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Browsing named entities in Southern Historical Society Papers, Volume 20. (ed. Reverend J. William Jones). You can also browse the collection for Mississippi (Mississippi, United States) or search for Mississippi (Mississippi, United States) in all documents.

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Southern Historical Society Papers, Volume 20. (ed. Reverend J. William Jones), The Medical history of the Confederate States Army and Navy (search)
f Confederate troops were furnished by the State, which was subjugated by the United States; but many thousands of her citizens went to the aid of the Confederate States, and served in most of them in their commands to the close of the civil war. (?) Question No. 4. None. Question No. 5. By act of the legislature a piece of property known as Pikesville Arsenal has been donated for a Confederate home, and now shelters some fifty or more veterans. J. Howard, Adjutant General. State of Mississippi. Official inquiries were addressed to the governor of Mississippi in 1890 and 189. No replies have been received to the respectful inquiries of the Surgeon-General United Confederate Veterans, and in the absence of all information from Mississippi, we present with pleasure, for the consideration of the United Confederate Veterans, the following valuable communication from General Allen Thomas, who served with distinguished gallantry at the siege of Vicksburg: Runnymeade, Octo
Southern Historical Society Papers, Volume 20. (ed. Reverend J. William Jones), chapter 1.18 (search)
Tennesseans, Alabamians, Virginians and North Carolinians charged with Pickett and Pettigrew, Armistead and Garnett, into the very gates of hell on Cemetery Hill. Ten months after the battle of Gettysburg these same armies confront each other on the Rappahannock. Meade's head has joined company with McClellan, Pope, Burnside and Hooker, and General Grant, who, with the aid of Porter's fleet with 300 cannon and 75,000 men, had, between November 1, 1862, and July 4, 1863 overrun the State of Mississippi and captured Vicksburg, whose largest force within the campaign had only been 40,000, was there as commander; not as a general of a particular army, but as generalissimo of the armies of the United States. General Grant, perhaps because he did not wish to follow in the footsteps of McClellan, adopted the overland route to Richmond by way of the Wilderness, Spotsylvania and Cold Harbor. He crossed the Rappahannock with 118,000 veteran troops, while General Lee confronted him with 6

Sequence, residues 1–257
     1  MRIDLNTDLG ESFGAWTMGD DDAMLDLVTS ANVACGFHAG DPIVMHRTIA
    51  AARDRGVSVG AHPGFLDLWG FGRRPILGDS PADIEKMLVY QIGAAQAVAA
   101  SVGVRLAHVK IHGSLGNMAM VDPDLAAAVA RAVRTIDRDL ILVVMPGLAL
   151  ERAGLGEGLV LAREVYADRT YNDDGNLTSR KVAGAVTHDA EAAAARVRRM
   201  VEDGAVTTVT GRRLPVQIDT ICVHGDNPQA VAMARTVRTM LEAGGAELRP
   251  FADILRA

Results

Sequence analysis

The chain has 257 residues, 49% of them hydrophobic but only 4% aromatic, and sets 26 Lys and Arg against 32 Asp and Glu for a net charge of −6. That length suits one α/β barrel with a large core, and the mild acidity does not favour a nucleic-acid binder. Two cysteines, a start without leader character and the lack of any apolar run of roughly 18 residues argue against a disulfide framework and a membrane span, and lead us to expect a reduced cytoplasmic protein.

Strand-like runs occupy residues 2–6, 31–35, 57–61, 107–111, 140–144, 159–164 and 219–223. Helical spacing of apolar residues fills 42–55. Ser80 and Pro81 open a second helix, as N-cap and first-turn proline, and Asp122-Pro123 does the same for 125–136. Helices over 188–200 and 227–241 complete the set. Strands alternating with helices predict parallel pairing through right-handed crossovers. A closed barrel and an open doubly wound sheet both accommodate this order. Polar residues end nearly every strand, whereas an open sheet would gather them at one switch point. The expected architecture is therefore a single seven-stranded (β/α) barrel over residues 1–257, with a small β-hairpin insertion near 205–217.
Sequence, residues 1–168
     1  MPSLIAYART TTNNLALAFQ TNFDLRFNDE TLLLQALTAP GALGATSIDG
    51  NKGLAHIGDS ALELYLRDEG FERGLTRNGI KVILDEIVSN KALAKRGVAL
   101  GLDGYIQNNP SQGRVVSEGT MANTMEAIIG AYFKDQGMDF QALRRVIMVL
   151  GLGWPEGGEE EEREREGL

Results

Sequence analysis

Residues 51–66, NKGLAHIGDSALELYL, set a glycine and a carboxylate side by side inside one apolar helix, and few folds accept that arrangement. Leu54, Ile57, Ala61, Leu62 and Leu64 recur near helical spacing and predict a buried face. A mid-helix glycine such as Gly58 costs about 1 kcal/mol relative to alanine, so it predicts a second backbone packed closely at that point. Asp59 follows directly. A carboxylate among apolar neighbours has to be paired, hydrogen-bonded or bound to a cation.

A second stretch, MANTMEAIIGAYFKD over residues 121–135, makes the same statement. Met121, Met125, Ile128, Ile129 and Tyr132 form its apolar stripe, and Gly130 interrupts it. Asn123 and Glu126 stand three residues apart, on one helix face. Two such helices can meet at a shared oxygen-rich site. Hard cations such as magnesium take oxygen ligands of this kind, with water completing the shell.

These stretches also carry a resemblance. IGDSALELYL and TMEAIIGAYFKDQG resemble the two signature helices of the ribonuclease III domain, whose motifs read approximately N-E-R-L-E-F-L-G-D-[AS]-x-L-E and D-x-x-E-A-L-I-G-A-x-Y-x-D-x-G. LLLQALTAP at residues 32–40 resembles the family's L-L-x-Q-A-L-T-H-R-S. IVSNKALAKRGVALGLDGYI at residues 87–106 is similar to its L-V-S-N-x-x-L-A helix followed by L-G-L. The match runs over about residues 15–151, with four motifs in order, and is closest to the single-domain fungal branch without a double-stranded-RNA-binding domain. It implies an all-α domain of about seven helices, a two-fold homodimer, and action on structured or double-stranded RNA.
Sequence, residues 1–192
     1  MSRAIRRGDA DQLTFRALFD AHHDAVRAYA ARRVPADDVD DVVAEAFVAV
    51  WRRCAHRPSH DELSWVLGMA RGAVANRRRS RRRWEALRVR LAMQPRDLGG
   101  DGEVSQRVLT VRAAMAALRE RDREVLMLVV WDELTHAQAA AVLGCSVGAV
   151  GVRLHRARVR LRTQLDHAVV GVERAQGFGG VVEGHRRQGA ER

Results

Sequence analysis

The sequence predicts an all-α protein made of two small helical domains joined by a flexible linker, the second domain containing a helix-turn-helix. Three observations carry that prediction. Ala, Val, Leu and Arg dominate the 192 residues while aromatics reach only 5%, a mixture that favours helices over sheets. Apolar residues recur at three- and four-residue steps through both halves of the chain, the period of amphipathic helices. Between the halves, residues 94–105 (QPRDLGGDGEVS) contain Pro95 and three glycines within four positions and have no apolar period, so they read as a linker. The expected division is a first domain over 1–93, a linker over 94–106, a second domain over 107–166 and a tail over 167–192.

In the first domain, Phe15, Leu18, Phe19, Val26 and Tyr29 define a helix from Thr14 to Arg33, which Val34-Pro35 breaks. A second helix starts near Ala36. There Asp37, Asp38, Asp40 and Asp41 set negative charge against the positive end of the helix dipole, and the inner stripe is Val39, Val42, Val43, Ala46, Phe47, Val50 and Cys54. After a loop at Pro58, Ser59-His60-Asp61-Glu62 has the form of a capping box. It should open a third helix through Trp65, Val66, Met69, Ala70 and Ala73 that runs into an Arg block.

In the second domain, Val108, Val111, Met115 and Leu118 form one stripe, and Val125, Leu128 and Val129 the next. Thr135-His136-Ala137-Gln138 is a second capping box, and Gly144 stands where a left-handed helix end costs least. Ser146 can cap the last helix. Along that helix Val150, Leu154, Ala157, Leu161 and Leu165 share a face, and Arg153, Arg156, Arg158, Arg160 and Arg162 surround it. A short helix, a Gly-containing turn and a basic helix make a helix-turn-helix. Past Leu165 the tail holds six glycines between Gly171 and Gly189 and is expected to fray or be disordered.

Southern Historical Society Papers, Volume 20. (ed. Reverend J. William Jones), chapter 1.24 (search)
ke you fight! Such was then the public estimation in which he was held. But, as we sometimes find in all armies, his commander-in-chief did not agree with this popular opinion of his merits and ability as a soldier; for, later in the autumn, he was superseded by a very inferior man as a cavalry leader. He forthwith resigned his commission; but, instead of accepting his resignation, the central government promoted him to the rank of major-general, and assigned him to the command of North Mississippi and West Tennessee. There he had to raise, organize, arm and equip an entirely new force. With it he did great things in 1864 against large numbers of well-armed and splendly-equipped Federal cavalry. The cavalry force of about seven thousand men under General Sooy Smith, and belonging to Sherman's army, he completely defeated in a fairly open and prairie country suited for the action of regular cavalry, had either side possessed any. General Sherman officially described Smith's d